Tuesday, May 27, 2008

Small Ponds

This is one of our two lotus ponds. Unlike waterlilies, lotuses require a rather huge space so we have one in each pond and the ponds are about 12 feet across. They don't have to be really deep, I think these are about 18 inches.

This is the pond where we grow our miniature water lilies. This is also about 12 feet across, but deeper, probably about 3 feet. There are 10 or 12 different waterlilies in this pond because they don't take up nearly as much space.

This is a smaller pond with just a couple of waterlilies and a clump of iris. It is in a slightly shadier location, so we don't get flowers here as early as in some of the sunnier ponds. Waterlilies need at least 6 hours of full sun a day to flower well.

This is a tiny pond, probably only 4 feet across and hold just one waterlily, Peach Glow. You can tell that this is sunnier by all of the Duck Weed on the surface. I need to scoop a lot of that out because it keeps the water cool and water lilies need heat. This used to be a small peat bog for Saracenia (pitcher plants) but the deer were too fond of them and mostly destroyed the planting, so we dug it out and put a waterlily here instead. So far the ponds you've seen are lined with rubber roofing scraps we got for almost nothing.

This is an iris bog which is also a shallow pond, only about 6 or 8 inches of water - which means that when it doesn't rain this one has to be refilled frequently.

Now for the really tiny ponds. These are mostly just a foot or 2 across and are made from feed bowls from the farm supply store. They are a heavy rubber and not bothered by freezing and thawing and are cheap, especially compared to those preformed ponds, of which we have 2 and which were a real pain to dig since they are irregularly shaped. This one has a Skunk Cabbage in it.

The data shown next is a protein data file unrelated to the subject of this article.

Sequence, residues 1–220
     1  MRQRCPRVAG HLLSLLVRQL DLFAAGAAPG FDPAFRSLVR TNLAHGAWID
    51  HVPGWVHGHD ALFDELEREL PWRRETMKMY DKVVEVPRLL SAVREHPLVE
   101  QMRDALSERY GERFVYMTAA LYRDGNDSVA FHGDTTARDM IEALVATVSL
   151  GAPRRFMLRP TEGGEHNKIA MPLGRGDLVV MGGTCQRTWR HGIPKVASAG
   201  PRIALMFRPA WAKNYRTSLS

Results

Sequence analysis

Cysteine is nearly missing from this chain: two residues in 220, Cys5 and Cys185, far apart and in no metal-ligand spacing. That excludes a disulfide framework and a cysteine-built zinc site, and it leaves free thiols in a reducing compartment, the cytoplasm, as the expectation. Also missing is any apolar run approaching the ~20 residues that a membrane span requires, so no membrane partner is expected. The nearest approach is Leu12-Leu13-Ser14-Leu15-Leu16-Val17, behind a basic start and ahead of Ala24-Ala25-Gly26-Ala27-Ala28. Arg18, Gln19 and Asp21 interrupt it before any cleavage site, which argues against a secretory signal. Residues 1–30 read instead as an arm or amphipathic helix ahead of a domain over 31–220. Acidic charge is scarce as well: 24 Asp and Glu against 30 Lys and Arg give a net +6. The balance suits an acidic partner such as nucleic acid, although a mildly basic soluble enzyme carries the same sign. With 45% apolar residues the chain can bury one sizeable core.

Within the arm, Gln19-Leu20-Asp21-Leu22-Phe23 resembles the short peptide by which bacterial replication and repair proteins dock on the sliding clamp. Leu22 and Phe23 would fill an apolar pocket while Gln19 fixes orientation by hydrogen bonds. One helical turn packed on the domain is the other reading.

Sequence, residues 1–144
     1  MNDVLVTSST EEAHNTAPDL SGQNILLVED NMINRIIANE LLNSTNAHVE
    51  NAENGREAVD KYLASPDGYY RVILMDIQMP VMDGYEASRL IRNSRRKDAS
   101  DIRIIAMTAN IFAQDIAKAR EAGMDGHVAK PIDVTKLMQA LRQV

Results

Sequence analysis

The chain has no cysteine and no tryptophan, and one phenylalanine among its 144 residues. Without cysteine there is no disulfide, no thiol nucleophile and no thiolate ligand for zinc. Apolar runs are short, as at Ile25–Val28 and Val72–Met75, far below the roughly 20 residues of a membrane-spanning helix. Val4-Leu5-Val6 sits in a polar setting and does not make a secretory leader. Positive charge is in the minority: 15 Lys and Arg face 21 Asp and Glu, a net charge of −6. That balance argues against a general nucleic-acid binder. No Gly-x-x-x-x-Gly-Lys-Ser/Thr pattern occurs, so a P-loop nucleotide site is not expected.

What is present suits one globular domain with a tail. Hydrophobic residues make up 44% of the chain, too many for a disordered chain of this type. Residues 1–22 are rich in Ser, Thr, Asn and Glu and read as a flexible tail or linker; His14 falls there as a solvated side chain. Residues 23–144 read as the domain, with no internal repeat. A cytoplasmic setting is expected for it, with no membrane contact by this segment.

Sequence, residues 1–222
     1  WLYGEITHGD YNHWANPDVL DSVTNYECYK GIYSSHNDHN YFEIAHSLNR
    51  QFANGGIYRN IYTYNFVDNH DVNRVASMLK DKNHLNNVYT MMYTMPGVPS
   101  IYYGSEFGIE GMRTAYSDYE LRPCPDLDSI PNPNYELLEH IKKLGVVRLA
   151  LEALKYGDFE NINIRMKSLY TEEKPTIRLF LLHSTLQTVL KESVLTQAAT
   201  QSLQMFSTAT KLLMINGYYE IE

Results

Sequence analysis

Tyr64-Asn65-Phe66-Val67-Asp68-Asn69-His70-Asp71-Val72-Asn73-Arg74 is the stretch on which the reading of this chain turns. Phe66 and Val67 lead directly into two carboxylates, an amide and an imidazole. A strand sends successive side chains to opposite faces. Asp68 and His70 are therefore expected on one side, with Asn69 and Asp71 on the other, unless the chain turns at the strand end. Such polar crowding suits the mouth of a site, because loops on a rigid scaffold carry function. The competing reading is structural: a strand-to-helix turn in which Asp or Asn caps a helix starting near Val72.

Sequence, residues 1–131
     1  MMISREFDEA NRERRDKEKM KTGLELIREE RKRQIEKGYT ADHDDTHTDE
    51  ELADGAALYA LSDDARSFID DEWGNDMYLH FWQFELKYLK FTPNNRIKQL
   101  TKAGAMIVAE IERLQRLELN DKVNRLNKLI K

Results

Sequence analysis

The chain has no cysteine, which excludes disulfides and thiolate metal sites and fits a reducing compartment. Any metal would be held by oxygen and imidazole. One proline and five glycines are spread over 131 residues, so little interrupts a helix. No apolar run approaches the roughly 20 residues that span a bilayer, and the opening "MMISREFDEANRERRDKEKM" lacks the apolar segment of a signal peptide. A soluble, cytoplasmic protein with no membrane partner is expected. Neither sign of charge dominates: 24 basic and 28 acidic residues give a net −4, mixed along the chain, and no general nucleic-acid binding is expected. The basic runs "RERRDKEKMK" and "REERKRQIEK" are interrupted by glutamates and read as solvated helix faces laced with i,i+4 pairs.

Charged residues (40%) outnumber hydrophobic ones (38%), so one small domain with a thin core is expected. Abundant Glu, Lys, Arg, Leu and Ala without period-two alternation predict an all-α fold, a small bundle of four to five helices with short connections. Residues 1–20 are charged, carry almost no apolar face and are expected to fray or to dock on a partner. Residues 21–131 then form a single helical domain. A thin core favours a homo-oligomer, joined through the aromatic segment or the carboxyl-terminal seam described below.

This one is growing nothing but frogs! It is surrounded by ferns, hostas, lamium and moss.

This one is hard to see, since it is in so much shade, but there are 3 very small ponds which are in one of my miniature hosta beds. All are surrounded by rocks and I am starting to get some Saxifrages growing around the edges.

Last but not least is a pond just outside of my kitchen door. This one has a Golden Club growing in it. It is one of the few water plants that is truly a shade plant. It just won't grow in the sun.
More on the plants growing in the ponds in a different post.
Glad I finally found out how to put up lots of pictures at once. Sure made talking about small ponds easier.
What I didn't get a picture of is one of our medium sized ponds. Those are made with kiddy wading pools. We cover the bright blue with black trash bags so I looks more natural and then put some dirt in the bottom as we do with all of our pond. They are lines, but natural at the same time.

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